Medical experts ask for action because of a shortage of HRT plasters

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A shortage of hormone replacement therapy (HRT) patches used to treat menopausal symptoms is causing problems for thousands of women in the UK, medical experts said.

About one million women in the country use HRT to relieve menopause symptoms.

In a joint statement, the Royal College of Obstetricians and Gynecologists (RCOG), the British Menopause Society (BMS) and the Faculty of Sexual and Reproductive Health Care (FSRH) said they received multiple questions from women who could not get HST products because of the persistent production and delivery problems.

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Doctors also report that it becomes difficult to prescribe HST because of the shortages.

"We are very concerned that thousands of women are struggling to get their HRT prescriptions, or even recipes for alternative treatments," said professor Lesley Regan, president of the RCOG.

"HRT is essential for many women to ensure that they are able to continue to live a high-quality life."

Some women have reported on social media that they are buying bulk products that they have bought over the counter in Spain, while others have them shipped from far in South America.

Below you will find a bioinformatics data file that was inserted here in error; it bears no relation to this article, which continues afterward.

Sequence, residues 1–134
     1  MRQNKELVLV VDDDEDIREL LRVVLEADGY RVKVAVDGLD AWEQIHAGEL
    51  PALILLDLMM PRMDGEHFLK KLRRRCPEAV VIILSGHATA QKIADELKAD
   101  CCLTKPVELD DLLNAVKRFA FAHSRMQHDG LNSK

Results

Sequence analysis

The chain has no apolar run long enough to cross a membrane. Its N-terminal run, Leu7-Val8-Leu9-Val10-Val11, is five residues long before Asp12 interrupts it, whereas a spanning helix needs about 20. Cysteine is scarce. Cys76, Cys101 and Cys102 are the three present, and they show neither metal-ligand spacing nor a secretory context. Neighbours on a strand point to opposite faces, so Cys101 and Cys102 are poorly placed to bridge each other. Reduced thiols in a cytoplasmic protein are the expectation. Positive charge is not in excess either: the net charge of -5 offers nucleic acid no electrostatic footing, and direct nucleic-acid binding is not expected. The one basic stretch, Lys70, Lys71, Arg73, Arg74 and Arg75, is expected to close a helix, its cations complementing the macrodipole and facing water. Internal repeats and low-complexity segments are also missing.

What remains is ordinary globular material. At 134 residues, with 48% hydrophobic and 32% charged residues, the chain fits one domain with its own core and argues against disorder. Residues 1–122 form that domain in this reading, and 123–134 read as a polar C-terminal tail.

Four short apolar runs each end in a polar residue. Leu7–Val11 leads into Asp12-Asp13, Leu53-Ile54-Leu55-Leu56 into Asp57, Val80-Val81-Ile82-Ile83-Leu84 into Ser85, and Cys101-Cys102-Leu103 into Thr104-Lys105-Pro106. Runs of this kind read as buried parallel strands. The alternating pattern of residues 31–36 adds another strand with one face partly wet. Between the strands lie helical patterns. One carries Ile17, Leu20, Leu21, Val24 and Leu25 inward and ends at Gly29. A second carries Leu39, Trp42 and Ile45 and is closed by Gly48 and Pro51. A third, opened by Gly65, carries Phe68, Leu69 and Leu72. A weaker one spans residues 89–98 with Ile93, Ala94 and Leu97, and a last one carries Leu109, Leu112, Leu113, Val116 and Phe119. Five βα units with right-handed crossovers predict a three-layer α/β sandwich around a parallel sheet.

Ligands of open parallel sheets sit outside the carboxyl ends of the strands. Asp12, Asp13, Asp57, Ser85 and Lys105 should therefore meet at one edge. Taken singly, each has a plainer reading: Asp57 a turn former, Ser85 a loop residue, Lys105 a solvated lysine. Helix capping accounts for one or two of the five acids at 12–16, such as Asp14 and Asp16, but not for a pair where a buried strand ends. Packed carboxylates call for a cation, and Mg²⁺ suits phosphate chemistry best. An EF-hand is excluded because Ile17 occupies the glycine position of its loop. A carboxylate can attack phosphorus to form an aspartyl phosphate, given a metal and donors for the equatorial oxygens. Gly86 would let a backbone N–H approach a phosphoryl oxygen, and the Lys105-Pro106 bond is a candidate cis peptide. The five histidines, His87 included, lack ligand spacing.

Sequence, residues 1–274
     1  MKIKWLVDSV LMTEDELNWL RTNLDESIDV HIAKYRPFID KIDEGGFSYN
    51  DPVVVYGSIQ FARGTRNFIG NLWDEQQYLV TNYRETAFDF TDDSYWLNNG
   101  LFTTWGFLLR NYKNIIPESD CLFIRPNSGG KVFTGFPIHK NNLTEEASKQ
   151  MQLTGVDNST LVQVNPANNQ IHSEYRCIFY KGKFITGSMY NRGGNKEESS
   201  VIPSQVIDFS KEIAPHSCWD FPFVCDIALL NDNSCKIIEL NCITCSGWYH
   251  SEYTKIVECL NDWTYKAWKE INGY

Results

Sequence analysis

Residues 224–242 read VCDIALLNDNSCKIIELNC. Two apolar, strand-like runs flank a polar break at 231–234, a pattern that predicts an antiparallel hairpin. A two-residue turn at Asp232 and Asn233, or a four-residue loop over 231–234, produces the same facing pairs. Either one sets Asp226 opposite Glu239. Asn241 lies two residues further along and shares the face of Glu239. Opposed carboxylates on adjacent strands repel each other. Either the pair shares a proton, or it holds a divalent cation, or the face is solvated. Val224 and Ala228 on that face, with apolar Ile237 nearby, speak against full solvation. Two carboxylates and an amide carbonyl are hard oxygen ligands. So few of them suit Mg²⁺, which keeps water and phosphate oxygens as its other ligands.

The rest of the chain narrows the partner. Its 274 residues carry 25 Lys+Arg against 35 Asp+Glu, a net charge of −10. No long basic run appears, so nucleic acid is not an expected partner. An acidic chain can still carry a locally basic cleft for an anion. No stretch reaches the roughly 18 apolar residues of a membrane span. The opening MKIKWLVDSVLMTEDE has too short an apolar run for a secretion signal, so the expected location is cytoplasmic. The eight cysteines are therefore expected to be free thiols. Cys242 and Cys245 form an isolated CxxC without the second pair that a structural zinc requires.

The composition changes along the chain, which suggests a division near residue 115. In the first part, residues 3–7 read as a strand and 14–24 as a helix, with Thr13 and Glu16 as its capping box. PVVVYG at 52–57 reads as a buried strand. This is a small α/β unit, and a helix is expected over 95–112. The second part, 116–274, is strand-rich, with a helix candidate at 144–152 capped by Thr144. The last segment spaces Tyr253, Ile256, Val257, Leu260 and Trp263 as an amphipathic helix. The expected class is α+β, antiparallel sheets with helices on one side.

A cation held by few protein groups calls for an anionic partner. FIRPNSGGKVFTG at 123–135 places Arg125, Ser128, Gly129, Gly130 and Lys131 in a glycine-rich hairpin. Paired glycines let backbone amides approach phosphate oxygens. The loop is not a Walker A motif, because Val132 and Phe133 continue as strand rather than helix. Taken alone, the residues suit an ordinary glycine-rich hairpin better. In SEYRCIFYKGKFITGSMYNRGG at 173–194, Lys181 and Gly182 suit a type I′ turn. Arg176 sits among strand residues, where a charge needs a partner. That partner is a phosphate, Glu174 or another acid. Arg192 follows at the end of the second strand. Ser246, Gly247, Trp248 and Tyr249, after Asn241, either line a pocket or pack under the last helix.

In particular, inventories of Evorel HRT patches, made by Janssen in Belgium and with a market share of 40% in the UK, were affected by the shortages.

Janssen UK said: “We really understand how difficult the UK HRT deficits are for patients and their caregivers.

"We have provided the BMS with an updated supply list based on current demand."

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The crisis allegedly started in late 2018 when supply problems starting in China forced some manufacturers to stop the production of the patches.

This led to an increased demand for other brands that in turn became scarce.

The deficits are expected to continue until next year.

Haitham Hamoda, an advisory gynecologist and chairman of the GBS, said that help and advice should be given to women who have problems getting their HRT medicines.

"The British Menopause Society has advised prescribers to find equivalent types by looking at the estrogen and progestogen component and matching them as close as possible to another brand," he said.

"Furthermore, we need to understand the reasons for this and know what measures can be taken to solve this problem and prevent it from happening again in the future."

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